Q&A: What are your actual energy bills?

Electrical Bill $230 CreditJohn Brooks, a reader of my recent article in Green Building Advisor asked this:

You posted the Net Energy Balance for 12 months. I am curious how that relates to your actual Energy Bill….the sum of the checks that you write to the “power provider” over 12 months? (Including the base customer charge and difference in buy-back rates)

That’s a good question that others have brought up to us before. The short answer is that during the cold, dark days of our first winter, we paid small electrical bills. In the spring, when the sun came out and our heating needs diminished, we started generating more power than we were using, which showed up as credits on our electric bill.

After about fifteen months of living in the house, we currently have a credit of about $230 on our account. We had the option of requesting a check, but we decided to leave that credit on the books to pay our bills this winter. If our usage is like last year, that $230 credit should more than last us through the winter, so we probably won’t be paying anything out of pocket from now on.

Here’s a breakdown of our last twelve months of bills:

10/28/11 - 1/13/12: $90.01
1/13/12 - 03/14/12: $55.42
3/14/12 - 5/11/12: -$32.25 (credit)
5/11/12 - 7/11/12: -$125.07 (credit)
7/11/12 - 9/11/12: -$92.98 (credit)
9/11/12 - 11/9: -$12.29 (credit)

7 thoughts on “Q&A: What are your actual energy bills?

    • No, the Washington State production credit, which comes to about $1,000 per year, is totally separate. The credits on our utility bills are based on our net meter (which goes forward and backward depending on whether we’re drawing power from the grid or feeding it back into the grid at any given moment). The production credit, on the other hand, is calculated from a separate production meter, which measures how many kWh of solar power we produce, independent of our usage.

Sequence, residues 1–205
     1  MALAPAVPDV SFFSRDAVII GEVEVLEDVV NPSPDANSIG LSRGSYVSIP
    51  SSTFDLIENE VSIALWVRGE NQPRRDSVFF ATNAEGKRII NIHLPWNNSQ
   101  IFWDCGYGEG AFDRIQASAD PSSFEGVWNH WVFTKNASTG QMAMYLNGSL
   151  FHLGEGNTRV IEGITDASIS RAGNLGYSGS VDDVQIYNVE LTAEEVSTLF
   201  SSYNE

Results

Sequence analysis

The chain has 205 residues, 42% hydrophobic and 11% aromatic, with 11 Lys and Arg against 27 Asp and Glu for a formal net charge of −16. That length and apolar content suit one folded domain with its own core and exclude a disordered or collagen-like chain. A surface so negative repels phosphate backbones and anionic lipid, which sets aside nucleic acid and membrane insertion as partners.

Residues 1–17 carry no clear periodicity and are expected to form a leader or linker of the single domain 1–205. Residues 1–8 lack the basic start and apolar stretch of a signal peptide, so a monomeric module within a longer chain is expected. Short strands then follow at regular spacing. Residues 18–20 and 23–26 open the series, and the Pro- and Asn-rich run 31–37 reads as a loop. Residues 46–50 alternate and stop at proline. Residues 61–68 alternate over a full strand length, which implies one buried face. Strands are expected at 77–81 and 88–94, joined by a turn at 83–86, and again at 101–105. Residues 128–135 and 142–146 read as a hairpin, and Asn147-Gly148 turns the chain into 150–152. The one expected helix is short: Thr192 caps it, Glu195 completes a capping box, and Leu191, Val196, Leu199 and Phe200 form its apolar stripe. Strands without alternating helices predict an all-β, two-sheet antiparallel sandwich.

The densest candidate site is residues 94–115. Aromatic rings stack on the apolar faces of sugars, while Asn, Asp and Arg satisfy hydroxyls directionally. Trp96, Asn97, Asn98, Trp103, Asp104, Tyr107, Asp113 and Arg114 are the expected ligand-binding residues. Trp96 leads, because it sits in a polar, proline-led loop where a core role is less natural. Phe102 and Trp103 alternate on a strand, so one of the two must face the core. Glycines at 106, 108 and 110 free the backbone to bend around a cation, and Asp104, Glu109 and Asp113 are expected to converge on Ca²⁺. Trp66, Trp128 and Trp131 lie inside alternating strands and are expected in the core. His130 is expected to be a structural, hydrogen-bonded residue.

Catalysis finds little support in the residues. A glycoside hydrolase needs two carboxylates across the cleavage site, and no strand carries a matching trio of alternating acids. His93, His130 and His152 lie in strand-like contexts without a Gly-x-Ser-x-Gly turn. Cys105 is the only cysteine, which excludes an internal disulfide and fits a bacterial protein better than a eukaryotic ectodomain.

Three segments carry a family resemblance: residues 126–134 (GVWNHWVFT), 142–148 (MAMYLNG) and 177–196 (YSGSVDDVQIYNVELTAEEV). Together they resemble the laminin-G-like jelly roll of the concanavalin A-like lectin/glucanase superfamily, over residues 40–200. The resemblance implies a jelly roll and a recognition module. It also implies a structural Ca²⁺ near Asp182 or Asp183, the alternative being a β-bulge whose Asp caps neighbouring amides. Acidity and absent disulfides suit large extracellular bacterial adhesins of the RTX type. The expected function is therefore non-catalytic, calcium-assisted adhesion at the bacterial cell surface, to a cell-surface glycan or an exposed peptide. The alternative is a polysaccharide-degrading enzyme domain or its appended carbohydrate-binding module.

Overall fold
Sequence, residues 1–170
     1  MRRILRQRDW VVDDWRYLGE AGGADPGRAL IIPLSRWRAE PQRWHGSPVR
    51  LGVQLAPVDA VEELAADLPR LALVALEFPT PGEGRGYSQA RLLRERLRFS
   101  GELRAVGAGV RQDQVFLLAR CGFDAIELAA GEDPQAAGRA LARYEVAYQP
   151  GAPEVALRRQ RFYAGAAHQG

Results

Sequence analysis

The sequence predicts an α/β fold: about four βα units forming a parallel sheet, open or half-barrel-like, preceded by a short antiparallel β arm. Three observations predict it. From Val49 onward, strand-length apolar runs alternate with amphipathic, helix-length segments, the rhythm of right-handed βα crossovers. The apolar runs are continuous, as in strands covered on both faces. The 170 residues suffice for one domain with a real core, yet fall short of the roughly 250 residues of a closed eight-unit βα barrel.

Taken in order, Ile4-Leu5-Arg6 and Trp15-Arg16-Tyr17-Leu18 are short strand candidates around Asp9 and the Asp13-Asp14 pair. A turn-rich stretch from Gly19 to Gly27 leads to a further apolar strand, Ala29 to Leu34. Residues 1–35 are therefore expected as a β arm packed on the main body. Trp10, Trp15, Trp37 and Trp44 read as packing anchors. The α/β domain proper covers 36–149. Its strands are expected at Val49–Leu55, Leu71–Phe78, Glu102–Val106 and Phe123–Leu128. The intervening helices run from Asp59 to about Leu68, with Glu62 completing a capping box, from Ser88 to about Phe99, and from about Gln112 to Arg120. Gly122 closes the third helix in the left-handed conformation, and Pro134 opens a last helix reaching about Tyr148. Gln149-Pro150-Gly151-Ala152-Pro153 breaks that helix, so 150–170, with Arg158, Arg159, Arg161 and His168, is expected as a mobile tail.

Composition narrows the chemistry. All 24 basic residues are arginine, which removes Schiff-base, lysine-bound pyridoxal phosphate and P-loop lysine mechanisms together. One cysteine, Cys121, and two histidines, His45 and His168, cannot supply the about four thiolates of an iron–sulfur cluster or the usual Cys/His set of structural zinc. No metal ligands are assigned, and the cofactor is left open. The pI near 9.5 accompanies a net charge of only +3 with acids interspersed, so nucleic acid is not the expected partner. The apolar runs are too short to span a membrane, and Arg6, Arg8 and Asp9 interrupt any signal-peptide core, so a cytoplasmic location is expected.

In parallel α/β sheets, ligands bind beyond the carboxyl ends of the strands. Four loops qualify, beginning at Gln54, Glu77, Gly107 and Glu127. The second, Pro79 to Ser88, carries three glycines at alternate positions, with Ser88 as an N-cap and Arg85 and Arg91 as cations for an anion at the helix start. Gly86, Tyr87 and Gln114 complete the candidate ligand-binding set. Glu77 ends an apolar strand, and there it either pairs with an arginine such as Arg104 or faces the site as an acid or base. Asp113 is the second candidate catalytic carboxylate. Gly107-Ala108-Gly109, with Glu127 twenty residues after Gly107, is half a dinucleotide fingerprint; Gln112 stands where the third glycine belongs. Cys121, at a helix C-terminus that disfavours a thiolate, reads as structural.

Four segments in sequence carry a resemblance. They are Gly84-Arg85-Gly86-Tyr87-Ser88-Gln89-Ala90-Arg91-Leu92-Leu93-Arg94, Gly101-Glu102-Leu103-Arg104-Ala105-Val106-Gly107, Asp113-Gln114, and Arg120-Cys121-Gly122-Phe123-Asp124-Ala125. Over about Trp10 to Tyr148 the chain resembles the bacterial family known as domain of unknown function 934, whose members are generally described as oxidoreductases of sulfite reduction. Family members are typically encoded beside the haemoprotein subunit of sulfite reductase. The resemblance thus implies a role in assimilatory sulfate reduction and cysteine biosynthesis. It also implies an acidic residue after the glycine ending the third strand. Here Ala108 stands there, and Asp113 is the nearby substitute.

1. This is a silly question, but what would happen to the under floor heating system if there was an earthquake? Would an earthquake be likely to damage or destroy the system, and if so how hard would it be to fix it? I wondered if you had discussed that with the builder and what he said.

    BTW, your house is lovely! Thank you for sharing pictures of it! I hope to be able to see it the next time you open it up for tours (if you have any plans for that, that is.)

    • Thanks for the compliments! I actually hadn’t thought about what would happen in an earthquake, but I would imagine that if one were severe enough to crumble the foundation, it would also damage the radiant heating system. Then again, a ruined foundation, which could happen to any house, would be a much more dire problem than a leaking heat system.
      I did a little online research, and here’s what they say over at SeattleRadiant.com:
      “The tubing used in Radiant is both tough and flexible but can be damaged if a sufficient shift in the concrete it is embedded in occurs. This has been very rare to date since good construction is built to prevent shifting.”

  2. What has been your actual kwh used…it is as important to know usage as $. Should be on your billing. Thanks

  3. Good day! This is my first visit to your blog! We are a collection of volunteers and starting a new initiative in a community
    in the same niche. Your blog provided us valuable information to work on.
    You have done a marvellous job!

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